Demonstrators protest the death penalty in California in 2017 (CNS photo/Andrew Cullen, Reuters)

Well before Pope Francis’s revision to the Catechism declaring use of the death penalty “inadmissible,” there was ample reason for Americans to oppose it. It is a cruel form of punishment, as a spate of botched executions by lethal injection in recent years has demonstrated. It is unequally applied, with the economically marginalized and people of color disproportionately accounting for both the number of those executed and those still on death row. It is, of course, irreversible—a reality brought into further relief whenever new evidence exonerates someone awaiting execution, and tragically underscored when such evidence comes too late. Its deterrent value is debatable at best (consider the low murder rates in nations where capital punishment is outlawed), while its justification as a way to protect the population from convicted murderers who might escape and kill again is hard to take seriously, given advances in detention practices and technologies that have made breaking out of maximum-security prison all but impossible.

But ultimately, the best reason is the one articulated by Francis: it “is an attack on the inviolability and dignity of the person.” This is something his predecessors regularly reiterated in the course of their papacies. An emphasis on working toward consistent affirmation of the dignity of all human beings was apparent in John Paul II’s first encyclical, 1979’s Redemptor hominis. His increasingly urgent calls to severely limit, if not end, the use of the death penalty culminated in his statement in Evangelium vitae (1995) that cases in which an execution could be justified as “an absolute necessity are very rare, if not practically non-existent.” Language reflecting this shift was added to the Catechism in 1997. In 2011, Benedict XVI praised the “political and legislative initiatives being promoted in a growing number of countries to eliminate the death penalty and to continue the substantive progress made in conforming penal law both to the human dignity of prisoners and the effective maintenance of public order.” Francis has simply pushed this development to its logical conclusion.

If Francis’s move encourages Catholics to reexamine their attitude toward capital punishment in light of the church’s commitment to a culture of life, then we will all be the better for it.

In announcing the revision, the Congregation of the Doctrine of the Faith said it expressed “an authentic development of doctrine that is not in contradiction with the prior teachings of the Magisterium.” This point anticipated predictable objections. Of course the move contradicts previous teaching, some critics say, citing well-known Scriptural warrants for the death penalty while noting that nowhere in the Gospels does Jesus explicitly deny the right of civil authorities to resort to execution. Critics also reference the writing of church fathers and centuries’ worth of magisterial codification. The CDF’s eagerness to pacify such critics is understandable, but it would have done better to acknowledge that the new teaching on the death penalty does contradict the church’s enthusiastic endorsement—and practice—of the death penalty for much of its history. Here the words of the late federal judge John T. Noonan seem apt: “Change is not a thing to be ashamed of, to be whispered about, to be disguised or held from the light of day, as grave guardians sometimes think. Change, in continuity with roots, is the rule of life. It has been the way of the life of the Church.”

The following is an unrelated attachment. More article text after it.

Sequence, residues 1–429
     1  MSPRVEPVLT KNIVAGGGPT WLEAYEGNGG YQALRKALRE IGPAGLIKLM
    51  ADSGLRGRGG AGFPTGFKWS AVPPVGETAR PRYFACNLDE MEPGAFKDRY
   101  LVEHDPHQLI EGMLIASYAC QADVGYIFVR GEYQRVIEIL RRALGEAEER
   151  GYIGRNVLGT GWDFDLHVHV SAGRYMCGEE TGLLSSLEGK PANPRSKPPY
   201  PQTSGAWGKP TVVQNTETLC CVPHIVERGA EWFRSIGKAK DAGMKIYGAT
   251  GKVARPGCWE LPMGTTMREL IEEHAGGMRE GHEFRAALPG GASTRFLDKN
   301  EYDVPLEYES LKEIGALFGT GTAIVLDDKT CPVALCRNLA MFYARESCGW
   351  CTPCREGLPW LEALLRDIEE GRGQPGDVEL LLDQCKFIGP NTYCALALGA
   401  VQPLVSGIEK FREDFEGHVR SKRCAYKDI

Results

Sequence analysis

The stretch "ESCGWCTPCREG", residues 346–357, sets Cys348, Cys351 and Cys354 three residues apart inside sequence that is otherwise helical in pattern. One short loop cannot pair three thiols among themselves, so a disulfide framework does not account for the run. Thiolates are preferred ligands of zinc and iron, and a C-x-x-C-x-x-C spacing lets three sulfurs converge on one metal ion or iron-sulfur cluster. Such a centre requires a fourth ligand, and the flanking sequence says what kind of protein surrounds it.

How will such change play out in the United States, one of the few countries—along with China and North Korea—that still permit capital punishment? After a period of steady drop-off, support for the death penalty has risen since 2014 to 54 percent of the American public, with 53 percent of Catholics approving. Pete Ricketts, the Republican governor of Nebraska and a Catholic, overrode his own legislature in 2015 to reinstate capital punishment; on August 15, convicted murderer Carey Dean Moore was executed, receiving a lethal injection that included the synthetic opioid fentanyl. And it bears repeating that about half of U.S. Catholics voted for Donald Trump, whose support for executing several categories of criminal hasn’t wavered since he took out full-page ads in 1989 calling for the execution of the Central Park Five, black and Latino teenagers convicted of rape and later cleared of all wrongdoing.

Since when, one might ask, have Catholic Americans as a bloc abided by the Catechism or the pronouncements of a pope? As on abortion, immigration, labor rights, poverty, and a host of other issues, there will be no unanimity on the death penalty. But if Francis’s move encourages Catholics to reexamine their attitude toward capital punishment in light of the church’s commitment to a culture of life, then we will all be the better for it.

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Published in the September 21, 2018 issue: View Contents
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